|Std Kale||LI Kale||Std FB||LI FB|
|ME MJ/kg DM||11.8||11.8||12.0||12.1|
- The kale farmlet milk production continues to track down to similar level of the other farmlets. We are happy to see that the LI FB is finally picking up a bit after a good week of grazing, although they still track significantly below the other farmlets season to date.
Figure 7: Farmlet milk production comparison
- This week the R1s were drenched, lepto and copper bulleted. They will be weighed, measured and receive a B12 injection in a fortnights time so that they are all prepared before going onto their winter crops.
- It is important to be vigilant and do regular checks of recently dried off cows. From these checks we have identified x2 cows with mastitis and were able to treat them early before their condition worsened. These two mastitis cows had received teat seal only and highlights the importance of hygiene and good management practices when drying off.
- Unfortunately, this week a 3 year old cow slipped. With our milk pregnancy test it will be good to identify any animals not in calf so that we do not carry any extra mouths into winter.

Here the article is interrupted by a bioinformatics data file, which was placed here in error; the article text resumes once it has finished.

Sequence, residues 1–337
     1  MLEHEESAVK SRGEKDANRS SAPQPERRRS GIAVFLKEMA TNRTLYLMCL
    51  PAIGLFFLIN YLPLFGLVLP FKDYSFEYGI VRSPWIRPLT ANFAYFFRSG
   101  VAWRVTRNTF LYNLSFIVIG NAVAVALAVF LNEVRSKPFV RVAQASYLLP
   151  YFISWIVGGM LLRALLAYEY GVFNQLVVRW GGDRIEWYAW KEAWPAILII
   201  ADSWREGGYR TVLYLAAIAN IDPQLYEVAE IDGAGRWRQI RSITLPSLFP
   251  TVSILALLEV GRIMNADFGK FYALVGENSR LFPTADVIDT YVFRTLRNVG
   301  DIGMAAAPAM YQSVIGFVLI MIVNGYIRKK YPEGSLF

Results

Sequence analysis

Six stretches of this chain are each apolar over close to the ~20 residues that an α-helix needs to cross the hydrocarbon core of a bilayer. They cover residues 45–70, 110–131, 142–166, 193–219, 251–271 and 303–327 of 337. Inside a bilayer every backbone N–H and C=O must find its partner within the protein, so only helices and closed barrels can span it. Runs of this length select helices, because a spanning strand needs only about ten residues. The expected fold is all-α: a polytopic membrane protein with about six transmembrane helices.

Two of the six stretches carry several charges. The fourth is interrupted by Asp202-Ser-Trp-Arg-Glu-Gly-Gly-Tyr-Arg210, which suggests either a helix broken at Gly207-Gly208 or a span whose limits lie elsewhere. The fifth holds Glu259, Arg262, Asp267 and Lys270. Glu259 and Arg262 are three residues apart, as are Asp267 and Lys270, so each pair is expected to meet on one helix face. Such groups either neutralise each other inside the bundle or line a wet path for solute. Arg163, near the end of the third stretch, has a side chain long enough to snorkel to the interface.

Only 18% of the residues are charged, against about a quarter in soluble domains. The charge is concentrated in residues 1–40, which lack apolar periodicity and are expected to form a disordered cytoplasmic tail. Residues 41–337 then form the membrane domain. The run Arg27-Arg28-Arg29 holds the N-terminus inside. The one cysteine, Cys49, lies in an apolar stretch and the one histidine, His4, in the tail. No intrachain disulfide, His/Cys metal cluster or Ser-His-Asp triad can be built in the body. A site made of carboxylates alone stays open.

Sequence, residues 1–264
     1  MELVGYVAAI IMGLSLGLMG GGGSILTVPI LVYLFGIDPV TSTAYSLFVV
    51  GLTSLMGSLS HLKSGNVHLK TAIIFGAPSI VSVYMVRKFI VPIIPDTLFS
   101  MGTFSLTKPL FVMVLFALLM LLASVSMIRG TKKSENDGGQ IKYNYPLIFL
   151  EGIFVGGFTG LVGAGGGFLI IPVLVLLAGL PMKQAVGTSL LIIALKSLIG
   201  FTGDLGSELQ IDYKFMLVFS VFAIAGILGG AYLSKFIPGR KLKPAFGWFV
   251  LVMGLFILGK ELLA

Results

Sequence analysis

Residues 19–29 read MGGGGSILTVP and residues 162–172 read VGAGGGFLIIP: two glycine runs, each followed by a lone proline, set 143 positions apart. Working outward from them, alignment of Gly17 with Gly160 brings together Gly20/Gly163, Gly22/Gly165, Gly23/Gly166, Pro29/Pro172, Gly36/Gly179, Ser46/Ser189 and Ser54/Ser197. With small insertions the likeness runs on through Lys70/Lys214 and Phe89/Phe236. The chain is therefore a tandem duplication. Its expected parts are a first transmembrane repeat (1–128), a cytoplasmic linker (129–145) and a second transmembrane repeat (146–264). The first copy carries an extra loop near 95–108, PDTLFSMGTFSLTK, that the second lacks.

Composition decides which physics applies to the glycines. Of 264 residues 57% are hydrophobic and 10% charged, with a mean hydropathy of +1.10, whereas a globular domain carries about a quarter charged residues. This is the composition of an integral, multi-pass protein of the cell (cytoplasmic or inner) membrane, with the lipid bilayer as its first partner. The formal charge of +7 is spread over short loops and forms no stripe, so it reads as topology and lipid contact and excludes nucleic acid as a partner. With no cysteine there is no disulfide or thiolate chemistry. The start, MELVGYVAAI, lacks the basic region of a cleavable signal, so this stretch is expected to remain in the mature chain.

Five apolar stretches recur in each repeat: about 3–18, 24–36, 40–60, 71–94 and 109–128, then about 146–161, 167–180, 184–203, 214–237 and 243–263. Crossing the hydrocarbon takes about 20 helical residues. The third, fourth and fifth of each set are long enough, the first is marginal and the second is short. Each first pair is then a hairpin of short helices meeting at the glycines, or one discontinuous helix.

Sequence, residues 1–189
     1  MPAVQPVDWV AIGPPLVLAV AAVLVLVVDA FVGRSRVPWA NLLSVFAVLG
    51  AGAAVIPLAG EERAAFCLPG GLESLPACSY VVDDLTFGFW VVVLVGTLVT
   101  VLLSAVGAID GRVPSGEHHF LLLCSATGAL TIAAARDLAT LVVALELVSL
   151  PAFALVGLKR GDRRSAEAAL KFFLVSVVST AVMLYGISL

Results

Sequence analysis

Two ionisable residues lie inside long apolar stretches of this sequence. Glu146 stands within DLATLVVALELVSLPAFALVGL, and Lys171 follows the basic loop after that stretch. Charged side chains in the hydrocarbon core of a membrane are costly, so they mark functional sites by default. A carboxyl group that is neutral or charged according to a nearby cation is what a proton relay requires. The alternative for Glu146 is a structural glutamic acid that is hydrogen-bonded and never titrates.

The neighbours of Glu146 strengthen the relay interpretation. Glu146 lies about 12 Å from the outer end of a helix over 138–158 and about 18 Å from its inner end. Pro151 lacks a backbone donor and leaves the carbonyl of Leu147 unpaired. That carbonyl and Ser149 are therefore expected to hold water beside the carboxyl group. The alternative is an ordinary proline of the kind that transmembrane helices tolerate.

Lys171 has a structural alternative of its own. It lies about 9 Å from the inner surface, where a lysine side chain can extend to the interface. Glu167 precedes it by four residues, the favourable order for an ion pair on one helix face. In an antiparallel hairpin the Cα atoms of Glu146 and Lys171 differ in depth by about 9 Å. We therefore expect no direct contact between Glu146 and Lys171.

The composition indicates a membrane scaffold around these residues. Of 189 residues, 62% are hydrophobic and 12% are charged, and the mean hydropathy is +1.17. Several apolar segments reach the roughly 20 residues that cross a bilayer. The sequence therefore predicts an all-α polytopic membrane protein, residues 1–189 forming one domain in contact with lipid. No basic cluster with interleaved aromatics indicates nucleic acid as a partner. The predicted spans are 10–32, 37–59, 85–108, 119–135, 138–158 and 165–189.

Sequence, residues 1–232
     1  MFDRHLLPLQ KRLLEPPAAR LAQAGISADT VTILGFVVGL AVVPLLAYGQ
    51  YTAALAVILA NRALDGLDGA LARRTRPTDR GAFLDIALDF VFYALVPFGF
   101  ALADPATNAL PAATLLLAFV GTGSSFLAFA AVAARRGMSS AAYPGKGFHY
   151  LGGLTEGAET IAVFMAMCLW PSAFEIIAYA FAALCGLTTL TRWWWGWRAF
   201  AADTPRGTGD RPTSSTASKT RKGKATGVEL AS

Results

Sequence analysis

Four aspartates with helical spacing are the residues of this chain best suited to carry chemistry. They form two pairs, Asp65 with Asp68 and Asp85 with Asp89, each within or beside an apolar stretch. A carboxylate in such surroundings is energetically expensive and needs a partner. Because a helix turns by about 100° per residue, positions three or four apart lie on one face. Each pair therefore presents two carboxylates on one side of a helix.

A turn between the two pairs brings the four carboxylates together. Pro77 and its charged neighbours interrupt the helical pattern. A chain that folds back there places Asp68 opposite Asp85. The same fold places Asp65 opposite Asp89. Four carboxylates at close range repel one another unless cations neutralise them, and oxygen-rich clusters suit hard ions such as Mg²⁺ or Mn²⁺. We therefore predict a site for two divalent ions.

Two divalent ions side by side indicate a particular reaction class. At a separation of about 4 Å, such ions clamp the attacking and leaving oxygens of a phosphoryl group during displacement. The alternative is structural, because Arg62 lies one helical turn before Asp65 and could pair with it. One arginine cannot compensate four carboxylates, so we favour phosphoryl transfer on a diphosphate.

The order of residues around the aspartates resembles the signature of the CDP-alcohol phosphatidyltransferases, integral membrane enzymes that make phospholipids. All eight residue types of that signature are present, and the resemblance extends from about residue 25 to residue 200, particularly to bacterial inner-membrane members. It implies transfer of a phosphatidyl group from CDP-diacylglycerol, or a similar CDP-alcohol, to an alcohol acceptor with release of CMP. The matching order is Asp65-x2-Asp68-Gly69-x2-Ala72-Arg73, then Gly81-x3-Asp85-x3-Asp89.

People Management and Visitors
- All group visits to the farm have been cancelled and we are utilising skype for our weekly meetings.
- With the move to Covid-19 Level 3 we can take a few more samples and measurements on farm as long as we maintain the necessary strict hygiene and social distancing requirements set out in Level 3. Next week we will be doing animal sampling (urine, bloods and faeces), followed by the last N intake and pasture sampling for the season in a fortnight.
General Farm Systems Information
The project farm systems comparison has been designed to better understand crop-based wintering in relation to consequences for environmental impact and profit
- The four herds are split evenly on age, BW / PW, calving date and breed to ensure the herds are as even as possible.
- Each herd allocated a farmlet corresponding to their herd tag colour Green, Blue, Yellow and Pink.
- Farmlets have paddocks allocated so each herd has equal walking distance from the shed and the same proportion of each soil type and equal proportions of pastures in the FVI trial (forage value trial – refer web site section on research).
The SDH welcome research proposals for any sampling or research on the SDH, these are assessed by the Research Advisory Committee (RAC). Just send your request or ask for information via firstname.lastname@example.org
For more information check out the DairyNZ link: